Public access to suspected side effect reports of veterinary medicines
For the first time, EMA is making suspected side effect reports of veterinary medicines authorised in the European Union publicly accessible through the www.adrreports.eu website. The reports come directly from Eudravigilance Veterinary (EVVet), a database for processing pharmacovigilance reports which is used as one of several tools for regulators to monitor the benefit-risk balance of a veterinary medicine once it is authorised.
Information on suspected side effects for human medicines has been available via the same website since 2012. The launch of the extension of the website to include veterinary medicines safety information is part of the Agency's continuing efforts to ensure EU regulatory processes are transparent and open.
Suspected side effects are usually observed by veterinarians or pet owners. They are submitted electronically to EVVet - that collects reports of suspected serious adverse events in the EU as well as outside the EU - by national competent authorities or marketing authorisation holders.
The data published on www.adrreports.eu refers to approximately 250 centrally authorised veterinary medicines.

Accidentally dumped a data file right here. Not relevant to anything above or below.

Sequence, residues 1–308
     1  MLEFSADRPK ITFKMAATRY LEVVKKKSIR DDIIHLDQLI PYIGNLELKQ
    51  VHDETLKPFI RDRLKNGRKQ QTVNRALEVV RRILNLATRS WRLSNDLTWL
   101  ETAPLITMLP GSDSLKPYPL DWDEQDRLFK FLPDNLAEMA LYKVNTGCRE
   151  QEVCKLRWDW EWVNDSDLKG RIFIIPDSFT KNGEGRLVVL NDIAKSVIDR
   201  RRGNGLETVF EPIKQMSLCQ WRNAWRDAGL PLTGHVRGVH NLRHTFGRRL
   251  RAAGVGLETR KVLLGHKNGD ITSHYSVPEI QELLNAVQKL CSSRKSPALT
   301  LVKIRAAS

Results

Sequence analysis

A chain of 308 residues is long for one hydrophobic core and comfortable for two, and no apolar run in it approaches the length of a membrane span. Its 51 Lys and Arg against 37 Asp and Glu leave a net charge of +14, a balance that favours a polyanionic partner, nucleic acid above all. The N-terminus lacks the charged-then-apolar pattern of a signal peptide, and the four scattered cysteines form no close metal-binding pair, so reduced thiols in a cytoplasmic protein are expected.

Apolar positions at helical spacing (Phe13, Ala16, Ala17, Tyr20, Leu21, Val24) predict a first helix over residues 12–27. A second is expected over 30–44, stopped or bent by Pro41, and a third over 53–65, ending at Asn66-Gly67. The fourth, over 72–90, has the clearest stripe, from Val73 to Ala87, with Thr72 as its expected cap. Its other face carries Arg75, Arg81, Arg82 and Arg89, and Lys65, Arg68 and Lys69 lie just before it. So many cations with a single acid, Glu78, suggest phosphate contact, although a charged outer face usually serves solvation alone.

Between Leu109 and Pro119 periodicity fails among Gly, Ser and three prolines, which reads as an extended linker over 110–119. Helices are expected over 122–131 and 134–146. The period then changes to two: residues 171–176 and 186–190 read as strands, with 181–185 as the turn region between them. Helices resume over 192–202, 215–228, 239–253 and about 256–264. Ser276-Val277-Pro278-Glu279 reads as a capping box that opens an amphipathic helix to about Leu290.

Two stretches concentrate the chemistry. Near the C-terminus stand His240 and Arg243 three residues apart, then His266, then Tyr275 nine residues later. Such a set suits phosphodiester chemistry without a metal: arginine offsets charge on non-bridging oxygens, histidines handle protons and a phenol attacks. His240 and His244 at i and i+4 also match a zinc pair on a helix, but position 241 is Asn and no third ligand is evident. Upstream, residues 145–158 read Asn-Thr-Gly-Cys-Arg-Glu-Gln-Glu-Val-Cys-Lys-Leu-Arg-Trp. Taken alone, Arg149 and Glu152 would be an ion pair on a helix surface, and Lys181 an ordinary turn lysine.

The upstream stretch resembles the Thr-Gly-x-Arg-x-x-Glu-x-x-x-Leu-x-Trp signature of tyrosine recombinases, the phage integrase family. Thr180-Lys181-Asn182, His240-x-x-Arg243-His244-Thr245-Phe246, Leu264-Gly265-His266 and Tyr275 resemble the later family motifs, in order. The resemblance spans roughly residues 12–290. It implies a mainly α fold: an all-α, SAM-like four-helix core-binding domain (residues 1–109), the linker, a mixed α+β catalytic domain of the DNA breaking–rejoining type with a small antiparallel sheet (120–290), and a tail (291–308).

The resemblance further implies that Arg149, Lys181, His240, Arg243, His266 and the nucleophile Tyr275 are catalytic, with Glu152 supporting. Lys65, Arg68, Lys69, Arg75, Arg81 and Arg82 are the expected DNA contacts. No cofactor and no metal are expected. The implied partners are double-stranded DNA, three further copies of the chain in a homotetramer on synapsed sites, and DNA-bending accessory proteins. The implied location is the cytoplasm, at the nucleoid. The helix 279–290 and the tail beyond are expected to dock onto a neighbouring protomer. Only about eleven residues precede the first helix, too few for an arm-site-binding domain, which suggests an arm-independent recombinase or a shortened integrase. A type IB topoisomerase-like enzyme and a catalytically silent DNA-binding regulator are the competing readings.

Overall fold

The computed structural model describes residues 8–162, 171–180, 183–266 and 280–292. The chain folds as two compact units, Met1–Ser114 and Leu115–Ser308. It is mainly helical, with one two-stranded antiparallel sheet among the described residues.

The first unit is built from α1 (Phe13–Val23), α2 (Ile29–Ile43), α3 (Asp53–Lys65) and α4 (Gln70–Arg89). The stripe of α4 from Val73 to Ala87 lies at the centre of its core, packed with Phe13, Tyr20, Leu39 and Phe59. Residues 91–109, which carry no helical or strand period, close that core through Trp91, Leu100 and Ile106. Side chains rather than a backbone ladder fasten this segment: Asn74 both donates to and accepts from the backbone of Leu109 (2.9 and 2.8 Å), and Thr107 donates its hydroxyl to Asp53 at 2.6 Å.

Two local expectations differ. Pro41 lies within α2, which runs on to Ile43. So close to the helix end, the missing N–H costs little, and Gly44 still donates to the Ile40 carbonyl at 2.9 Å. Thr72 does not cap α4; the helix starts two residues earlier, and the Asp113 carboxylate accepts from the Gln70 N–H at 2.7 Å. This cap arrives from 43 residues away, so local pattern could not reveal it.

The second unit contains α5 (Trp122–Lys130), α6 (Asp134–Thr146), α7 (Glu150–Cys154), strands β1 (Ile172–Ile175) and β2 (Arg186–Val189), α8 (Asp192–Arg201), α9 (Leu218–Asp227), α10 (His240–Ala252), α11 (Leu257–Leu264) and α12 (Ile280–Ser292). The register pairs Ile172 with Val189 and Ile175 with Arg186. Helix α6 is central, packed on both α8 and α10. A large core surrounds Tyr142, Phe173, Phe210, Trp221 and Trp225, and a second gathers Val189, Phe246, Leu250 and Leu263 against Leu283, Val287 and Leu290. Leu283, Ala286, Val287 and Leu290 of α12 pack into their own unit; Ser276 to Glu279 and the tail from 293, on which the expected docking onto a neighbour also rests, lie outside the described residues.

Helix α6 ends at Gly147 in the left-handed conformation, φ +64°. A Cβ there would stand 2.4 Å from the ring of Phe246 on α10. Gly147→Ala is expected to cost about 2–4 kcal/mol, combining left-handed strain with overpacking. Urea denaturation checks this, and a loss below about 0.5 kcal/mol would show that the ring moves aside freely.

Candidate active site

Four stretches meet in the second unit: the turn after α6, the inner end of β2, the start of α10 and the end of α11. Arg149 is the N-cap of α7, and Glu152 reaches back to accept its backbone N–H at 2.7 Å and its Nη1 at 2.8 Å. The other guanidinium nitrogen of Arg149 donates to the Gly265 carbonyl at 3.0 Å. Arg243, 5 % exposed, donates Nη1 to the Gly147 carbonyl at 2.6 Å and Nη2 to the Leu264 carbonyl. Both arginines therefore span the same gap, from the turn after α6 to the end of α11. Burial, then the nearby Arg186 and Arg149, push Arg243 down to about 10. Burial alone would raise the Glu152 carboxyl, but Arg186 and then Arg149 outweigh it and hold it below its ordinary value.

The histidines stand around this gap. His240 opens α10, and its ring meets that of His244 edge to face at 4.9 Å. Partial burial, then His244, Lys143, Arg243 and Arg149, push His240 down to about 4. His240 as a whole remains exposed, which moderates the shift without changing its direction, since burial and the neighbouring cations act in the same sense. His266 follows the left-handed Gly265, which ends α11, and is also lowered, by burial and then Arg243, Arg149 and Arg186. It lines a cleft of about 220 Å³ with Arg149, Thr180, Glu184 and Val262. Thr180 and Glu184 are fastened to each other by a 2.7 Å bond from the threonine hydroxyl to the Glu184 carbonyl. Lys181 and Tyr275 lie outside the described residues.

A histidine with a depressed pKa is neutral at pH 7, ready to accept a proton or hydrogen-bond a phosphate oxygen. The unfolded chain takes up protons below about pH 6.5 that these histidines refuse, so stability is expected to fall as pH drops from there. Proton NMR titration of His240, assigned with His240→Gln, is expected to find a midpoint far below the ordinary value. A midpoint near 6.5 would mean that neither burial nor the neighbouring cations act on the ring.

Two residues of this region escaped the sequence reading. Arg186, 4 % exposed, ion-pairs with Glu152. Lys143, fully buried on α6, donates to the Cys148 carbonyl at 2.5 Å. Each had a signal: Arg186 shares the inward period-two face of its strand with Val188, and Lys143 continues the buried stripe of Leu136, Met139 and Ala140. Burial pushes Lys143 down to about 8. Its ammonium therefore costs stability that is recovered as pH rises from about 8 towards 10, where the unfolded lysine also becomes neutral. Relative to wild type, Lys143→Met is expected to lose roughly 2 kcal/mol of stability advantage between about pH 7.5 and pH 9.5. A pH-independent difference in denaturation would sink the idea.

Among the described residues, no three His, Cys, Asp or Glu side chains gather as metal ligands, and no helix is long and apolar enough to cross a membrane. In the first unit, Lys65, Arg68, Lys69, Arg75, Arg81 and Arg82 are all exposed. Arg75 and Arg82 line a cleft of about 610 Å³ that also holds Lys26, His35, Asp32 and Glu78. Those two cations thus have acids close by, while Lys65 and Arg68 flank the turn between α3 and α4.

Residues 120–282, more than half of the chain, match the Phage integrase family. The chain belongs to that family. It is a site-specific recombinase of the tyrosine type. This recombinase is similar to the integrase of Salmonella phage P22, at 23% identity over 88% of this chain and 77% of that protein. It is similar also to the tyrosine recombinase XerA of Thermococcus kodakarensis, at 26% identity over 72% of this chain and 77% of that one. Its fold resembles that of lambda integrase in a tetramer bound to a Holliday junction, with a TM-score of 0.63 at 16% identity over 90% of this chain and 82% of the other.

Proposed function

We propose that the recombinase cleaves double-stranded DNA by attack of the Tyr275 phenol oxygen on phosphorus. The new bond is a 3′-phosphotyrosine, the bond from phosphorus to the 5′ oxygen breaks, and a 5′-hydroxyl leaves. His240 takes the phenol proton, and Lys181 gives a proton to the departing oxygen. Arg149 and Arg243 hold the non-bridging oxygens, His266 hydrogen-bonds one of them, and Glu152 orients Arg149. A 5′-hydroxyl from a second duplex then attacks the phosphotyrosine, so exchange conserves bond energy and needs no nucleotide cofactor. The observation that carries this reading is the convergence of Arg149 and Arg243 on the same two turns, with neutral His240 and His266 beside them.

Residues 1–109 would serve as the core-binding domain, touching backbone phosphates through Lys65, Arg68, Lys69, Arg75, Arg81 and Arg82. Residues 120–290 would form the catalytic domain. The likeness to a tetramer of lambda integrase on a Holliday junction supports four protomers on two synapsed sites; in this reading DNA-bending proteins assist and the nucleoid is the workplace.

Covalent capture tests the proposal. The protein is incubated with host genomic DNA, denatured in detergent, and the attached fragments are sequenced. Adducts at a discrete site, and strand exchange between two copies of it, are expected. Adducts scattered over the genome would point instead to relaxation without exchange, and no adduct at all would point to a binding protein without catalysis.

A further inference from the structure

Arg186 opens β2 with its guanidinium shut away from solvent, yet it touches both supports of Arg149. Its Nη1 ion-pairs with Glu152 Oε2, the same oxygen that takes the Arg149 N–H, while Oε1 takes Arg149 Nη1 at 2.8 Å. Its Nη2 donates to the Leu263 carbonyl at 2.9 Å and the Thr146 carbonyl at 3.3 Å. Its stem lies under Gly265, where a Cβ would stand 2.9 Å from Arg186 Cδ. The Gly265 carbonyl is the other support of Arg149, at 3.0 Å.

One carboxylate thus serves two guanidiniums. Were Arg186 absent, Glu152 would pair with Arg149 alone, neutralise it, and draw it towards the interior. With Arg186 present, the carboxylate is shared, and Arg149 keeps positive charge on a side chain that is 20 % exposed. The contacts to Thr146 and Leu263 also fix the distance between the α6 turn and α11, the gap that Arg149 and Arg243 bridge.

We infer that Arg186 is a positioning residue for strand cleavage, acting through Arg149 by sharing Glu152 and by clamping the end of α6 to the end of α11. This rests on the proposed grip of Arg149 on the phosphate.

All information on the website relates to suspected side effects, i.e. medical events that have been observed following the use of a medicine, but which are not necessarily related to or caused by the medicine.
Making this information publicly available allows EMA’s stakeholders, including the general public, to access important data used by European regulatory authorities to review the safety of a veterinary medicine or active substance.
Upon accessing the website, web reports on adverse events can be searched by product name (for centrally authorised veterinary medicines) or by active substance. The data displayed pulls together the total number of individual serious spontaneous cases reported. Data can be filtered according to different categories such as species, breed, geographic origin and reaction group. It is also possible to view a detailed list of individual cases reported for each medicine or substance.
The website is currently available in English and will soon be available in all official EU languages.
*The text was updated on 12 February 2020 to correct the scope of data source.